• Marske to Saltburn - this frontage starts as a low vegetated till cliff rising to higher coastal slopes and then merging to the step cliffs fronting Saltburn Scar and the high cliffs at Huntcliff. It is fronted by the sandy beaches of Marske and Saltburn Sands over much of the length before being replaced by the rocky shore platform of Saltburn Scar in the east.  In places, there are substantial shingle or cobble berms at the upper beach. The frontage is intersected by Long Beck, Agar's Gap and Skelton Beck/Saltburn Gill.  Beyond the coastal towns of Marske-by-the-Sea and Saltburn-by-the-Sea, much of the frontage is backed by open recreational or agricultural land
  • Skinningrove - this comprises high coastal cliffs between Huntcliff and Hummersea, backing wide foreshore platforms.Skinningrove Beck intersects the cliff line as a narrow gorge falling to a slightly wider valley at the coast
  • Hummersea to Staithes - this frontage comprises high vertical or steeply sloping cliffs, overlain by tills, extending to Staithes Harbour. It is fronted by a near continuously exposed rock shore platform, with variable amounts of old landslide material and scree at the cliff toe. 

 

Vulnerability
The coastline is vulnerable to erosion by waves, tides and rising sea levels along Coatham Sands, flooding due to sea water overtopping in Redcar and loss of assets due to sea cliff recession or instability at various locations from Huntcliff to Cowbar.

 

Impact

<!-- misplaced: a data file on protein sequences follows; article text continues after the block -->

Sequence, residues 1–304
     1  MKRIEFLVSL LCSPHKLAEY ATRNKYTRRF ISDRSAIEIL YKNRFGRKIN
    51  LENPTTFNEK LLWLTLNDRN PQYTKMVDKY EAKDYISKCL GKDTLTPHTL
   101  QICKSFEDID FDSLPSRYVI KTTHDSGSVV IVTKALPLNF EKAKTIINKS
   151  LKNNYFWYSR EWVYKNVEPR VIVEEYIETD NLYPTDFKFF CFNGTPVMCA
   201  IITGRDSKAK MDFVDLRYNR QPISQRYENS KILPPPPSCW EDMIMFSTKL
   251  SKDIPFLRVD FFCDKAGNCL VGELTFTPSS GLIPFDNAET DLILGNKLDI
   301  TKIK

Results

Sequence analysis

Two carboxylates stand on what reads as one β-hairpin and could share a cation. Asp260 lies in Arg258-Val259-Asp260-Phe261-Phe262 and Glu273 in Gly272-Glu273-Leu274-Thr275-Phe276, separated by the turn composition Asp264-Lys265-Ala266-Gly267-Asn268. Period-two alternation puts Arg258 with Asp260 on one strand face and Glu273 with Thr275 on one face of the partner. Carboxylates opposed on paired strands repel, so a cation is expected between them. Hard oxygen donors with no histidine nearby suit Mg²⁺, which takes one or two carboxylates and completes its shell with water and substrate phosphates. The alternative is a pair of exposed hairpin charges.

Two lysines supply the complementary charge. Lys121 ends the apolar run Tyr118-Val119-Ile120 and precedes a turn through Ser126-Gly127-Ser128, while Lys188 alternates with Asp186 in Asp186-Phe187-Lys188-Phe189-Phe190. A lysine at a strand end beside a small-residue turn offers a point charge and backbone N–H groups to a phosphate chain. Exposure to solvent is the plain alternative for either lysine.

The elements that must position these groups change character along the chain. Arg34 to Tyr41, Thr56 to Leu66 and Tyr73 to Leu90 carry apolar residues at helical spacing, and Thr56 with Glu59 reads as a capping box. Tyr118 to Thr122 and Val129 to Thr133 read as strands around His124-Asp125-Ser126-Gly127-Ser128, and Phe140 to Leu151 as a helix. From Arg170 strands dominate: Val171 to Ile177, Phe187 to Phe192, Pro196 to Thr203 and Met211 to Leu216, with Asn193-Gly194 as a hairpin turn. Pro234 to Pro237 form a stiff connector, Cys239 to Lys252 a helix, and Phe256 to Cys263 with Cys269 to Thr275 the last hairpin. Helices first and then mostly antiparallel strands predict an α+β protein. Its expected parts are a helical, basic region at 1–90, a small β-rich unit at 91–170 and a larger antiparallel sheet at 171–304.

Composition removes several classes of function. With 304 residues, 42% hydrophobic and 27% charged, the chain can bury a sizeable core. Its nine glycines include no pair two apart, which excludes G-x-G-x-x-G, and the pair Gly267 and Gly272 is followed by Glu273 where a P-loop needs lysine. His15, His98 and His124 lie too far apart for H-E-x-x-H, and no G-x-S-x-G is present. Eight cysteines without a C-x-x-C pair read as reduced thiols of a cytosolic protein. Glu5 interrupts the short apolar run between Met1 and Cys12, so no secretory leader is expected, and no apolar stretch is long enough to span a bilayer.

The effectiveness of the German Charlies slag banks in attenuating incoming wave energy and protecting the shoreline close to the South Gare breakwater will reduce with sea level rise as the features become progressively more submerged. This could lead to the onset of erosion of the beaches and dunes at the western end of Coatham Sands. 

The Redcar Steel Works are located landward of Coatham Sands, but are separated from the shore by a width of some 400m of dunes. This will continue to provide a good degree of natural protection to the works up to the 2050s, even with predicted sea level rises and landward migration of the beach and dune system.

With eastward progression along Coatham Sands, the dunes narrow and the open ground and Cleveland Golf Club, together with the car park yet further east, are relatively close to the shore. These are backed by residential properties in Warrenby and Coatham. 

There remains a good width of protective beach and the greatest impact associated with climate change is likely to be associated with increased trampling across the dunes to access the beach from the car park associated with increased beach use during the projected rising temperatures. There will however, be some landward recession of the beach and dunes under rising sea levels.

With rising sea levels, the rock outcrops at Coatham Rocks and Redcar Rocks will become progressively more submerged and more energy will impinge on the shoreline defences at Redcar. Also, the headland will become more pronounced as the shoreline either side moves landwards with rising sea levels.

Previous investigations have revealed considerable risk of sea flooding due to wave overtopping at the eastern end of the Redcar frontage and work has been ongoing for a number of years to consider the best ways of managing this risk.